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School Desegregation, Academic Attainment, and Earnings
Steven G. Rivkin
The Journal of Human Resources
Vol. 35, No. 2 (Spring, 2000), pp. 333-346
Published by: University of Wisconsin Press
Stable URL: http://www.jstor.org/stable/146328
Page Count: 14
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Voluntary and enforced compliance by school districts has reduced the segregation of U.S. public schools. A key question is whether desegregation programs have raised lifetime earnings for blacks, either through the expansion of interracial contact or improvements in school quality. This paper uses information on school demographic composition, district desegregation efforts, school resources, and the academic performance of nonblacks to investigate the impact of school desegregation on academic attainment and earnings. The results provide support for the belief that raising school quality is likely to be much more effective than the reallocation of students among schools as a means to improve academic and labor market outcomes for blacks.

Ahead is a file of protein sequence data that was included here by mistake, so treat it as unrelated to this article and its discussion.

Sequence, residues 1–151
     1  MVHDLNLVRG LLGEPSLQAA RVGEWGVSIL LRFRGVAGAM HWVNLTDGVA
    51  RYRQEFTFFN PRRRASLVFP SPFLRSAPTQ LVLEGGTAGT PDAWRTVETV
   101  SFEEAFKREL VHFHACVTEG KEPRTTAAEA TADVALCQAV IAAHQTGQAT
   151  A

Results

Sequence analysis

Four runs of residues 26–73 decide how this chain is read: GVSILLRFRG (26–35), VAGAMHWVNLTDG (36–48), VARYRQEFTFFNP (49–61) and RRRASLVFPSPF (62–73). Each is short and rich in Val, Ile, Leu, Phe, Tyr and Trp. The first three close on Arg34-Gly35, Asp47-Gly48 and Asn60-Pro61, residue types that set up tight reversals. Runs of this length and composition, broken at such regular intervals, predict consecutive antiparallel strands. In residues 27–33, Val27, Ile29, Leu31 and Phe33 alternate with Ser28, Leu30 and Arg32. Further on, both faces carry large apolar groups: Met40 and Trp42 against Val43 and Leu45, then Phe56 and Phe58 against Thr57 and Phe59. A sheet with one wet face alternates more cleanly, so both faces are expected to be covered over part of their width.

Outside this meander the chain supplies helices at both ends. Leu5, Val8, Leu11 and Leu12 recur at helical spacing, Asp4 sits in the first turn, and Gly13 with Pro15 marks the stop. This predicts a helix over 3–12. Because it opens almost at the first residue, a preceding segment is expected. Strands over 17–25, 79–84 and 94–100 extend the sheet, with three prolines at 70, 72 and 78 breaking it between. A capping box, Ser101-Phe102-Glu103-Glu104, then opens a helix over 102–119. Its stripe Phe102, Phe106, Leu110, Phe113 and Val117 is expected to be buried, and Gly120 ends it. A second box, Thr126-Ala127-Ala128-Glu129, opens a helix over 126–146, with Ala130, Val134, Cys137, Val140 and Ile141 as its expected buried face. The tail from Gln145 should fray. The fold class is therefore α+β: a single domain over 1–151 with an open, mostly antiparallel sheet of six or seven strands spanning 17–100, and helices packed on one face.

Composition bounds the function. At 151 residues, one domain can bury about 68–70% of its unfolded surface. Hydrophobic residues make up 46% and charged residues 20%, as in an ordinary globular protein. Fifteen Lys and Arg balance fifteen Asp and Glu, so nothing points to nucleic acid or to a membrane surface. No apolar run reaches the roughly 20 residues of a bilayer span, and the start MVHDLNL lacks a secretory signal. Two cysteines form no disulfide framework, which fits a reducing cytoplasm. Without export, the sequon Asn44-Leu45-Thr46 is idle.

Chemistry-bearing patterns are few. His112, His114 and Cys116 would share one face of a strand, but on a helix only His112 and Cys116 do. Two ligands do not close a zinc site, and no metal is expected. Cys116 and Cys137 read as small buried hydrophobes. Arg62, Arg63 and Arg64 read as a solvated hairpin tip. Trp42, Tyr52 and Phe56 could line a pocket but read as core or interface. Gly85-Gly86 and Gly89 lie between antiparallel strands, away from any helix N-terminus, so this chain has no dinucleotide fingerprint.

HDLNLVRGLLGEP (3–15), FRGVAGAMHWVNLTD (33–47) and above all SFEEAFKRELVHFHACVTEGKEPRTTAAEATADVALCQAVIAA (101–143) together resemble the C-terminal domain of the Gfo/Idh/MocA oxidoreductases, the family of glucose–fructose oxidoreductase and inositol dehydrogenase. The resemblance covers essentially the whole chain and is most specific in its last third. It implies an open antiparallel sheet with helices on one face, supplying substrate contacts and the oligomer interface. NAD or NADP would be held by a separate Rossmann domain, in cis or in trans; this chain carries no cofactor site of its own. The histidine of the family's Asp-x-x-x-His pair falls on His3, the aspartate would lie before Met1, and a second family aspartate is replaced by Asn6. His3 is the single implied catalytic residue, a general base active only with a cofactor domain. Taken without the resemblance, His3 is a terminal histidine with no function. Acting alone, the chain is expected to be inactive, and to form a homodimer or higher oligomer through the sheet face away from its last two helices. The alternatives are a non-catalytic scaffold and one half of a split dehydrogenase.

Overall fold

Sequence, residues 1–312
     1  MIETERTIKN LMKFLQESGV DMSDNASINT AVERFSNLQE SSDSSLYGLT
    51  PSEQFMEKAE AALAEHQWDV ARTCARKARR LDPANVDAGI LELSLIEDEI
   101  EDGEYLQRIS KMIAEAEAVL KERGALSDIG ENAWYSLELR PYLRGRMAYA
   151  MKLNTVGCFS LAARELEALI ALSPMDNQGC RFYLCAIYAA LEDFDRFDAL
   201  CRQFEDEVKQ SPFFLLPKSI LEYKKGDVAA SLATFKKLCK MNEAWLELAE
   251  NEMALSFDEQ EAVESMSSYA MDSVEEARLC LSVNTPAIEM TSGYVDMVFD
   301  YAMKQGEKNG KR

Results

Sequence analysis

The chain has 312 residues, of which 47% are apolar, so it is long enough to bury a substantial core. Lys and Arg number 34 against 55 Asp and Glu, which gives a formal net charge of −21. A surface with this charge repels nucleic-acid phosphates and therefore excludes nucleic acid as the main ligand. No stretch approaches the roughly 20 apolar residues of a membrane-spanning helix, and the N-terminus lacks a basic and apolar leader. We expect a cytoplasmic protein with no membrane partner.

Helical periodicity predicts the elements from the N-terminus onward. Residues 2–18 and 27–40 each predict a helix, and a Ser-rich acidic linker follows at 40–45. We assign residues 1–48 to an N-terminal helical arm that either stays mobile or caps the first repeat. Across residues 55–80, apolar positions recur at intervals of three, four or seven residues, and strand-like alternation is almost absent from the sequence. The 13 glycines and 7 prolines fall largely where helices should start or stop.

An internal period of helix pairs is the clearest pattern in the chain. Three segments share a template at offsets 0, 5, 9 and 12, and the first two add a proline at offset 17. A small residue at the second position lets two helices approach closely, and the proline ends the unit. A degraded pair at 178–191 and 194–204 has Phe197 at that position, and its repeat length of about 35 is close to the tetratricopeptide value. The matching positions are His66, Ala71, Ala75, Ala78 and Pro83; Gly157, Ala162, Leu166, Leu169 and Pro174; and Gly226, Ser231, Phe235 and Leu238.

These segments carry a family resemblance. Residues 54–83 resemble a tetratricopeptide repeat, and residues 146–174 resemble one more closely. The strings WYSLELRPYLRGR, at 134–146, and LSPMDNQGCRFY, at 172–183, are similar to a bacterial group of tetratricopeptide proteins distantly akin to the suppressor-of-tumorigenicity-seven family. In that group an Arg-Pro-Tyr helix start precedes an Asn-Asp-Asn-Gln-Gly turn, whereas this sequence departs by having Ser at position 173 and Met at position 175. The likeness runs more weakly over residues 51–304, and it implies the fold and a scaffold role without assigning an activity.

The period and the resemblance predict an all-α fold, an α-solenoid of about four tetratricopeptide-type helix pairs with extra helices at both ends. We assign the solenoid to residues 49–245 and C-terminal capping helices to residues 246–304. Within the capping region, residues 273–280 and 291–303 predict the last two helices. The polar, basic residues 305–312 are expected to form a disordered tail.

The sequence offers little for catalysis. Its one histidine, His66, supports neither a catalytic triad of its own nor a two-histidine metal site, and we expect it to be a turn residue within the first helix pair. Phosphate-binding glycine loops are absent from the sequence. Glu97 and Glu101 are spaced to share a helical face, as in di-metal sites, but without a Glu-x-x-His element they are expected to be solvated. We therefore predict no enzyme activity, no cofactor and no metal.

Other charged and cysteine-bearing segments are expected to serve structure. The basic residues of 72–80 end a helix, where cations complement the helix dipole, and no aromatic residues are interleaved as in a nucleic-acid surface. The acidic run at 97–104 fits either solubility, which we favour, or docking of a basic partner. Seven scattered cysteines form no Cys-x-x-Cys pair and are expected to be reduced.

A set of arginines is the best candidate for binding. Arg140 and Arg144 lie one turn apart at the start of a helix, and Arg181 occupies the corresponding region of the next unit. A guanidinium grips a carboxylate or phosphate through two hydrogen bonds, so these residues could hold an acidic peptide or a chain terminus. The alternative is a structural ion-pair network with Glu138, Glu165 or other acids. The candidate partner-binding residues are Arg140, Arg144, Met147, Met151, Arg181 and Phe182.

The Journal of Human Resources © 2000 Board of Regents of the University of Wisconsin System